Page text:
H. R. Giger

Dark-Eyed Demon Dreamer

(Originally published in Eye on the Web)

By Susan Chandler Kelley

Copyright 1999-2009;
do not reprint without permission

Born in Switzerland on February 5, 1940, H. R. (Hans Ruedi) Giger attended art schools 1953-1965. He delves into the dream world to depict the ‘dark side,’ that Jungian jungle of human nature’s nightmare netherworld. His repellent reptilian biomech creatures slither into our psyches (or psychoses). These shadow plays of our darkest fears burrow into the subconscious more inextricably than the macabre, metallic sinews of his creations.

“He is our latter-day Hieronymus Bosch, the Dutch fabulist come again, demonic and erotic,” says sci-fi author Harlan Ellison. These ‘brothers grim,’ Swiss Giger and Dutchman Bosch, share similar dangerous, demonic visions. Giger’s gruesome creatures provide a cutting cultural counterpoint to his contemporary, fellow fantasist Michael Whelan. Whelan’s angelic figures languor in light drenched fairy scenes; Giger’s nightmare demons dwell in darkest depths.

Giger first made acquaintance with the surreal at age five. His father, a chemist, received a human skull, which first fired his son’s imagination. Young Giger found it fascinating to possess the skull of someone who had once been alive. Skulls and skeletal figures still predominate Giger’s work.

He draws on all experience for inspiration, but as a follower of Jung, he often draws on the dream state for ideas. Originator of the Biomechanical Style, Giger’s creatures sport steely sinews and meld organic, humanoid shapes with mechanical apparatus.

Most people know Giger best as the designer of the horrific creature of the 1977 Academy Award winning science fiction movie, Alien. The nightmarish creature of Alien was actually inspired by one of Giger’s original creations, included in a 1978 publication of a collection of his works, “Giger’s Necronomicon.” The writings of early 20th century author H.P. Lovecraft, another weaver of weird nightmare creatures, gave Giger the title for this publication.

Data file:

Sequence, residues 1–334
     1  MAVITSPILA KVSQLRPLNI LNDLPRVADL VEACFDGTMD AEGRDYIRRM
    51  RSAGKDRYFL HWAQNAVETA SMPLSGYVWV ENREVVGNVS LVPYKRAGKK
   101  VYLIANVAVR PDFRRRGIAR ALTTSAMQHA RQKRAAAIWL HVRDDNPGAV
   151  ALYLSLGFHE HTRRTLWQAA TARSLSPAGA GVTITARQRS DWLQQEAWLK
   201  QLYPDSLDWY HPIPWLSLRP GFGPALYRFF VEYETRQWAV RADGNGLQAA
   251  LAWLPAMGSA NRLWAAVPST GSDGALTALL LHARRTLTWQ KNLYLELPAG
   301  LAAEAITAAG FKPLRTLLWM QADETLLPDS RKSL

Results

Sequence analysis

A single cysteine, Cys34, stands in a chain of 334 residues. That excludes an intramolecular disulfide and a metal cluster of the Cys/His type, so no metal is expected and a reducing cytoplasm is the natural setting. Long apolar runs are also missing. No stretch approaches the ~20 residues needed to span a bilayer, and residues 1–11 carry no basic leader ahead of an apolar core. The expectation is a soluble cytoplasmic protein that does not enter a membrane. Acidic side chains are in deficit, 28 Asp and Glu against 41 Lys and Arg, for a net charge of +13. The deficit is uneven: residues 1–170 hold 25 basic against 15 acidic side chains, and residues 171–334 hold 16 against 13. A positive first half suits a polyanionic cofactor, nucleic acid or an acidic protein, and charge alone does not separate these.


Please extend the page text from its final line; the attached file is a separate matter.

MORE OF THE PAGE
Probably best known for his fantasy paintings and Aliens creatures, Giger has also created other notable art, particularly album covers, such as ‘Brain Salad Surgery’ for Emerson, Lake and Palmer. Yet he manages many media, including furniture design, not to mention designing the ‘Giger bars’ in Tokyo and Switzerland. Giger ranks as a true multi-media artist. In addition to his paintings, sketches, Alien film designs and album covers, he has also designed sculpture, a Swatch watch project called Watch Abart and a movie, ‘The Mystery of San Gottardo’.

Interesting sites devoted to H. R. Giger:

Official WebSite of H.R. Giger:


Official WebSite of H.R. Giger – Fan page:


Shadowland – Info/Images:


Little Giger Page:


H. R. Giger Museum:


Giger Chat Room:


System 75 Giger Gallery:


Pictures of Giger artwork:




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5 Responses to “H. R. Giger”

  1. ArtsySmartsy Says:

    Great article! Glad you included the links to Giger sites.

  2. JohnJ Says:

    Very informative with vivid writing. 4*s.

  3. @ ALL:
    Thank you very much! I hope you’ll visit again and check out the other articles. I write about a variety of topics including the weird of the Web, science fiction, entertainment, arts and more.

  4. I http://watchtvonline1.com – watch tv onlinealot, lol some of my favorites are youtube. What are places
    can I watch tv online.

    Is it legal for me to have explained here?, and bank accounts? How to start? Can I move my existing business offshore


  5. — Thank you for the link to online TV. 🙂 You can find other ‘online TV’ sites in my article at https://milkywayfarer.wordpress.com/2009/06/25/online-tv/
    — As to your other questions, I’m afraid I know nothing about them, nor are those topics relevant to my blog.

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